The decline of Slater and Gordon was “inevitable” after the firm entered the UK market, according to a senior analyst from Morningstar.
Slater and Gordon released its half-year financial results yesterday morning, reporting a $425.1 million net loss after tax for the six months ending 31 December 2016. Its share price fell to a record low of 12.7 cents following the announcement.
Speaking to Lawyers Weekly late last week in anticipation of the results, Morningstar senior technology equities analyst and portfolio manager Gareth James said the situation was dire for Slaters and its shareholders.
“Basically what [Slater and Gordon are] saying is that there isn’t any equity left at the current time. If you’re a shareholder, it doesn’t get worse than that. I mean, you’ve lost everything,” he said.
He said Morningstar has had a zero equity value on the firm for some time, on the basis that the analysts didn’t think Slaters would be able to generate sufficient profits to justify a valuation that exceeded its liabilities.
Slaters’ half-year results confirmed this assessment. While its cash flow improved over the second half of 2016, it remained negative, with an outflow of $11.4 million recorded for the half year.
Andrew Grech, managing director of Slater and Gordon Group, said the firm is still working on a recapitalisation plan with its lenders.
“While we have made progress in the UK in the past 12 months, the turnaround is taking longer than we anticipated and billed revenue performance in segments of the business is lower than expected,” he said.
“Discussions with lenders on the recapitalisation plan are ongoing, and the board has reason to believe that a successful outcome will be concluded in the coming months.”
Mr James emphasised Slaters’ profit dilemma, which is central to its hopes of recovery.
“The business simply needs to generate a much, much higher level of profits and that’s really the responsibility of the management team to try and achieve that. It seems as though they have been trying to do that, well, ever since they bought the business in the UK, and they realised that there was a shortfall between their expectations of earnings and what they actually were,” he said.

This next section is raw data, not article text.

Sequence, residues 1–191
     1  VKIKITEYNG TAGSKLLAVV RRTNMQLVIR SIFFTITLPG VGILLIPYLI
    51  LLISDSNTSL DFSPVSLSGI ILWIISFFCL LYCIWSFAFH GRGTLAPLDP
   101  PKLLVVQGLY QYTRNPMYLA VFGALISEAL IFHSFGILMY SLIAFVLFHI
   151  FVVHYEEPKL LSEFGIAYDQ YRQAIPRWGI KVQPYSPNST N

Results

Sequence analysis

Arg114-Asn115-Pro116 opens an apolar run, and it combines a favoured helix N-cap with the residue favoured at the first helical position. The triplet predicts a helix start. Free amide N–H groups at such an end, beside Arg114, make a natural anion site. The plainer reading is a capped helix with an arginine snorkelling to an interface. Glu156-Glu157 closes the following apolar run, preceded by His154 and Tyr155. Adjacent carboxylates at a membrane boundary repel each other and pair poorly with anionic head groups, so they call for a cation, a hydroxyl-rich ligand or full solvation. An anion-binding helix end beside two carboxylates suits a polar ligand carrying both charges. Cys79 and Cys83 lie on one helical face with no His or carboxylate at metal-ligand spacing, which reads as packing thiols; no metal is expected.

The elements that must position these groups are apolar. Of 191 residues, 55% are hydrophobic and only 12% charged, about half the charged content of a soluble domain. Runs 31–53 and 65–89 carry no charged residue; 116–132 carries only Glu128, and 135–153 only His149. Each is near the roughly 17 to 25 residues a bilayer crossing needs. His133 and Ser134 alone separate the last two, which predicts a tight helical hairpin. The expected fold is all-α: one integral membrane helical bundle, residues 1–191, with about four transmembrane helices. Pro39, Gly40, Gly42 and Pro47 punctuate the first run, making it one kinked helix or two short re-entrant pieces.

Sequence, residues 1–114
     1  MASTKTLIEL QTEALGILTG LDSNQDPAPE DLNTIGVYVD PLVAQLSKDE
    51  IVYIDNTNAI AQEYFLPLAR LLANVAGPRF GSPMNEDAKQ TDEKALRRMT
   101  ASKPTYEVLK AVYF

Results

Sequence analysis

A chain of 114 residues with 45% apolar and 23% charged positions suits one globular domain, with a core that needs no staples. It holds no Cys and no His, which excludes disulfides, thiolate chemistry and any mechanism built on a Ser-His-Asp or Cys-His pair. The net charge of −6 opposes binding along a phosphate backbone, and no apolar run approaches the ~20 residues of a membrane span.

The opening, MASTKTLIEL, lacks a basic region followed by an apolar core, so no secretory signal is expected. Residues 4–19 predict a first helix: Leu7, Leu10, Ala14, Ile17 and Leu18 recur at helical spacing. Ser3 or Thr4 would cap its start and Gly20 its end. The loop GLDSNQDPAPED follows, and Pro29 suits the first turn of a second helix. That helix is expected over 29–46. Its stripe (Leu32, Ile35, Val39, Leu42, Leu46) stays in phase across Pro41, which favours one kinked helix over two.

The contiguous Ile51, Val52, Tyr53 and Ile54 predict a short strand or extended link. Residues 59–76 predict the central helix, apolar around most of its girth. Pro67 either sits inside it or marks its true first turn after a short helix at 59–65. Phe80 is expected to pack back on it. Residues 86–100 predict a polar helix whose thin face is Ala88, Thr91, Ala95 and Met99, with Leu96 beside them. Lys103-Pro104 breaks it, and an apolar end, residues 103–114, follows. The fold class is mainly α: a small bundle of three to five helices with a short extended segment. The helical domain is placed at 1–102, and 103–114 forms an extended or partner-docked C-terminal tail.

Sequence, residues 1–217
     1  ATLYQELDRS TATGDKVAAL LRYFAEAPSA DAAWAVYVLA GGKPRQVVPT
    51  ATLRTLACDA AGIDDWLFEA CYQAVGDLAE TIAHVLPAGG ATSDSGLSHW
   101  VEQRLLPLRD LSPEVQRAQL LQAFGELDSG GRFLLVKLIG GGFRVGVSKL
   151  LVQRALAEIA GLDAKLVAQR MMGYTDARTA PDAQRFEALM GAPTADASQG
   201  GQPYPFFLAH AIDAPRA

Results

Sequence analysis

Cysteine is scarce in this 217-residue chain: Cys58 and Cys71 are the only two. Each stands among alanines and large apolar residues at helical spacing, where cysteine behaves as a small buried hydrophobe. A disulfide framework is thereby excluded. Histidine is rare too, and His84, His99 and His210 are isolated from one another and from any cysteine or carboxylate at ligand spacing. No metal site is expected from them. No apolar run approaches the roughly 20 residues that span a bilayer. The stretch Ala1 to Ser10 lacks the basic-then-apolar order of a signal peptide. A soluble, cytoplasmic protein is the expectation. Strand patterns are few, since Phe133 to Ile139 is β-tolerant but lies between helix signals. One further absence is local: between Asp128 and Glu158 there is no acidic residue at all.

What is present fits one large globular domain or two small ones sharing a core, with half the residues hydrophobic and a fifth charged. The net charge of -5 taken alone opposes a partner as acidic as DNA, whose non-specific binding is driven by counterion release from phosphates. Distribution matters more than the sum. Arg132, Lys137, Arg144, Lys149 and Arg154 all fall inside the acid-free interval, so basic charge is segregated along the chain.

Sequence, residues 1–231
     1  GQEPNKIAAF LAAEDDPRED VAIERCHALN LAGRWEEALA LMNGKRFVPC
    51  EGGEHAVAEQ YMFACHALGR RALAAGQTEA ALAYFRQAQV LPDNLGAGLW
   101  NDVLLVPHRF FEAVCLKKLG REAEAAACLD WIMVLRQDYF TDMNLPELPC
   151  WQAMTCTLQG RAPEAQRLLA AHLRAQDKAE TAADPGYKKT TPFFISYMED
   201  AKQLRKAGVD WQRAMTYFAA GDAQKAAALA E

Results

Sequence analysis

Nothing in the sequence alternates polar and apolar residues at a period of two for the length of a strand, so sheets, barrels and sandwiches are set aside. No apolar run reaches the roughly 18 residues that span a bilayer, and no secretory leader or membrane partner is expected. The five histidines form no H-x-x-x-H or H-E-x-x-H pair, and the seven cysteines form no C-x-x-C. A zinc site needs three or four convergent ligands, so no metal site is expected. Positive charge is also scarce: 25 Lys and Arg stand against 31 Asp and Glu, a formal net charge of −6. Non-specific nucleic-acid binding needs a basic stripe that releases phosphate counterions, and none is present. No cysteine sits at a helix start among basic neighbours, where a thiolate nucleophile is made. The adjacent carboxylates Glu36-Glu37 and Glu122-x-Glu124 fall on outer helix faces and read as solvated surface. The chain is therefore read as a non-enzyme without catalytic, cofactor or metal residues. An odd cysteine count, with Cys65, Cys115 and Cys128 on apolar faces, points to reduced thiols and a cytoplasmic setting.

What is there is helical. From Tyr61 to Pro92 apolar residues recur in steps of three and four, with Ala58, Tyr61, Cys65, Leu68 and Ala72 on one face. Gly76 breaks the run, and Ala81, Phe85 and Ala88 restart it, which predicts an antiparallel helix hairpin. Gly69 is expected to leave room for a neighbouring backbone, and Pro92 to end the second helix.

While he noted that Slaters’ move into the UK market was the start of many of its troubles, Mr James said it raised further questions about the acquisition model for law firms.
“There’s no question that that particular transaction was a disaster, no question about that. But I think you can go even further back and question the business model altogether, and the sense in trying to consolidate the legal industry when so much of the value that’s created is created by individuals,” he said.
“So if your business model is to go around and just simply acquire lots and lots of law firms, other than the valuation arbitrage between the private market and the listed equity market, I think the question you’ve got to ask is, ‘What real value is being created?’. Sure, you’re getting a better valuation, but what’s really happening to earnings? Are earnings actually better? Are you getting any synergies?
“I think you could say the whole business model is questionable, and you could argue that it was just inevitable that they were going to have problems sooner or later.”
Slaters is facing an ongoing ASIC investigation into its accounts, as well as a $250 million class action filed by Maurice Blackburn on behalf of Slaters shareholders.